To leverage this principle, Sole advises managers to model effective conflict resolution as well as educate their teams about this powerful skill. "Read books on various conflict-resolution techniques," he suggests, "and regularly practice at least one technique that fits your style. As your comfort with conflict resolution grows, at least some of your direct reports will begin emulating you."

The lifetime employment contract was never the only way to build employee loyalty.
— Donald P. Rogers, Rollins College

4. Highlight the link between employees' values and your company's mission. "The lifetime employment contract was never the only way to build employee loyalty," says Rogers. "Emphasizing a company's purpose—why we create wealth—also engenders loyalty," especially when employees see the connection between their values and the company's mission.

At Medtronic, a medical-device developer in Minneapolis, the most important meeting every year isn't the shareholders' annual gathering. It's the holiday program, broadcast to Medtronic's 30,000 employees worldwide, featuring the stories of patients who have benefited from the company's products. "Our people end up feeling personally involved in our company's mission to restore people to full life," says Paul Erdahl, vice president of executive leadership and development. "They can see the end result of their work. Many of them are profoundly moved by the patients' stories."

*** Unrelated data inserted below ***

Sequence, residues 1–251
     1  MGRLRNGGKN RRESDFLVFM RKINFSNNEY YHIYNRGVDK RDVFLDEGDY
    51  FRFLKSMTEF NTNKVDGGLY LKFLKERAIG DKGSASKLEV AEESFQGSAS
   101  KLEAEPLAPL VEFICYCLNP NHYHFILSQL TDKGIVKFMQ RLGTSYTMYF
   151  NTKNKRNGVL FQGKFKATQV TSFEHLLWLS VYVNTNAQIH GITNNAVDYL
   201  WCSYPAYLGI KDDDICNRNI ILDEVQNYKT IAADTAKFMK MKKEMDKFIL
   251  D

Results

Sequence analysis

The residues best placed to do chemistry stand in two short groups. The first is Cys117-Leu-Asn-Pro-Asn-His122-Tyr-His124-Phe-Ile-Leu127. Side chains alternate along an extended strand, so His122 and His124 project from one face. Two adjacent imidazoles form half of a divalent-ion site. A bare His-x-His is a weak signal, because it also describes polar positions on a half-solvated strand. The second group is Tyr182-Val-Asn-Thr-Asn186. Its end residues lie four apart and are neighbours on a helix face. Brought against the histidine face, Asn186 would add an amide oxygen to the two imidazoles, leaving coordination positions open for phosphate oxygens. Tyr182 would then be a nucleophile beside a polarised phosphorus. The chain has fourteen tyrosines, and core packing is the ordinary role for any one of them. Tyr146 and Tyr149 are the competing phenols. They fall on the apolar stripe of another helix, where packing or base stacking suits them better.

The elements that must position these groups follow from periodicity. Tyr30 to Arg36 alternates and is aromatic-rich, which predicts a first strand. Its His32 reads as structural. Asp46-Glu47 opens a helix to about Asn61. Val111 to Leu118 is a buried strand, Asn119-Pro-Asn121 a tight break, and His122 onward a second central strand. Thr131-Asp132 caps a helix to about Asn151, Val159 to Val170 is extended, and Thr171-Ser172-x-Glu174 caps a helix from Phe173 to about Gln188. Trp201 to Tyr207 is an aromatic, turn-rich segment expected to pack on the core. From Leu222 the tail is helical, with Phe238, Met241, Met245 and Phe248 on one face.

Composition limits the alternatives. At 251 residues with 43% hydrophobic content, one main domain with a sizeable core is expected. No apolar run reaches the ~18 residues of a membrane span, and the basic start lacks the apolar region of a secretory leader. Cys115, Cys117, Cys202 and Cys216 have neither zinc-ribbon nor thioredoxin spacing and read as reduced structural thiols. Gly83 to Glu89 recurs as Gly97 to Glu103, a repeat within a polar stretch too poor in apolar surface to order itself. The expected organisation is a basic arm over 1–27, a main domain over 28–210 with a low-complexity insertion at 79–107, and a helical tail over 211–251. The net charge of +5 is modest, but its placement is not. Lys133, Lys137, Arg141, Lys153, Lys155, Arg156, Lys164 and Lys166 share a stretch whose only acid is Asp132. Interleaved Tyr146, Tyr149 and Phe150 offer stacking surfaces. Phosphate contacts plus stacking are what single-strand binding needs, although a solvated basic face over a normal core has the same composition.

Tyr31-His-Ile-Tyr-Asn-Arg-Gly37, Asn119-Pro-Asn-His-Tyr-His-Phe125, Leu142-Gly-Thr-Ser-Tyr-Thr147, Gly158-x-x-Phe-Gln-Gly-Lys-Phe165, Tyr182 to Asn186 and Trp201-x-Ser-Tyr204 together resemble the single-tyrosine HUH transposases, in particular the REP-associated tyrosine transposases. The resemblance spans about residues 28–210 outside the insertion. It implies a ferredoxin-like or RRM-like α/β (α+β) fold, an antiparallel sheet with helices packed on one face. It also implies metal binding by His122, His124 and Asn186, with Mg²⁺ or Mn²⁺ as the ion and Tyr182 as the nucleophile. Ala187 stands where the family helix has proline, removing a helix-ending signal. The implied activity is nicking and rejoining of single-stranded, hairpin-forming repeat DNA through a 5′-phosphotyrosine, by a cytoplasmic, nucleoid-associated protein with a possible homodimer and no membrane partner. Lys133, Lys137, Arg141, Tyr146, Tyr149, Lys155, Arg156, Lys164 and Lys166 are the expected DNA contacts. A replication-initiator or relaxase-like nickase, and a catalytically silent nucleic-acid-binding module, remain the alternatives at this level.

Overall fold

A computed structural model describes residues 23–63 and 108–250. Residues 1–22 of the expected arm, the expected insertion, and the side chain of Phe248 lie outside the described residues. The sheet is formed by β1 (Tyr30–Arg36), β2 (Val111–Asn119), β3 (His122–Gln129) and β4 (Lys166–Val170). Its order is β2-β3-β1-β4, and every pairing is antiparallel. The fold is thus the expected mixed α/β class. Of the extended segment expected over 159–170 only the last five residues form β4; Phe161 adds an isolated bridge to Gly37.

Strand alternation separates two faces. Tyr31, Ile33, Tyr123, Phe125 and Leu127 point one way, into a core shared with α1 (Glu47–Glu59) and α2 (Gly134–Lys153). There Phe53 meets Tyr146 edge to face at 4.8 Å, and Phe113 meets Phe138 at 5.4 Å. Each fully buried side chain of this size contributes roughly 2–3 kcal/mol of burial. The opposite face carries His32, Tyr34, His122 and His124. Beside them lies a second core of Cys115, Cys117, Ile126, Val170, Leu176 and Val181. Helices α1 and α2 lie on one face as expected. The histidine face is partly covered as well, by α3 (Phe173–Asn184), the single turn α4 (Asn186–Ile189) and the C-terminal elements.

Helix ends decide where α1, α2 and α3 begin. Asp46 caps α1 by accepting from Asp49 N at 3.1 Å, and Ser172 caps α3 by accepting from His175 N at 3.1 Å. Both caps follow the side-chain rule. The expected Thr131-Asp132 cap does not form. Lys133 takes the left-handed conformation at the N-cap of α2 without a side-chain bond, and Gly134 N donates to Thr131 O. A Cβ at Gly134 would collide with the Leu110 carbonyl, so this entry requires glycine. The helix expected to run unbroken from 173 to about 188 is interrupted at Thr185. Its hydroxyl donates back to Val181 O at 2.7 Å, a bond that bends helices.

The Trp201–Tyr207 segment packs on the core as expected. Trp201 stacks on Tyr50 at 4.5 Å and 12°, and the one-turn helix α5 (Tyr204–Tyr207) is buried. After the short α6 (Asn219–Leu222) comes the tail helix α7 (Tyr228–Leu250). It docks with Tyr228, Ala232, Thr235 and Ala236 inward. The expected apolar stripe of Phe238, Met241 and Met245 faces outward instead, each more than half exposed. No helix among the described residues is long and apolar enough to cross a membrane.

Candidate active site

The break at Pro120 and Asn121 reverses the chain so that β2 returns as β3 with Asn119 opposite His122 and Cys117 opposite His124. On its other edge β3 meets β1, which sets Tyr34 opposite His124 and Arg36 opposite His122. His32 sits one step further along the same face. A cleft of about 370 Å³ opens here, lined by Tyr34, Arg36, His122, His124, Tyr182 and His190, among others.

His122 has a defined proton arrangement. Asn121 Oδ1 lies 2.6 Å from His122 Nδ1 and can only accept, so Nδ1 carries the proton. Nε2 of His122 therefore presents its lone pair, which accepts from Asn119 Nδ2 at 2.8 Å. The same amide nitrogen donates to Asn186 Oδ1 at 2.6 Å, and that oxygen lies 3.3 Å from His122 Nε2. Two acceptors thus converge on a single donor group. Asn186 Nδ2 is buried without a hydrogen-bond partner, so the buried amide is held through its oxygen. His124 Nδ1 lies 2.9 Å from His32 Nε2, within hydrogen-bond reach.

By putting a human face on its mission, Medtronic has achieved employee-retention rates above the industry average, says Erdahl. And it gets a whopping 95 percent favorable response rate to the employee-survey item "I have a clear understanding of Medtronic's mission" and a 93 percent favorable response to "The work I do supports the Medtronic mission." Erdahl agrees that a company's mission is especially compelling when patients' lives are at stake. But organizations in any industry, he says, can find ways to help employees see how their daily work affects customers.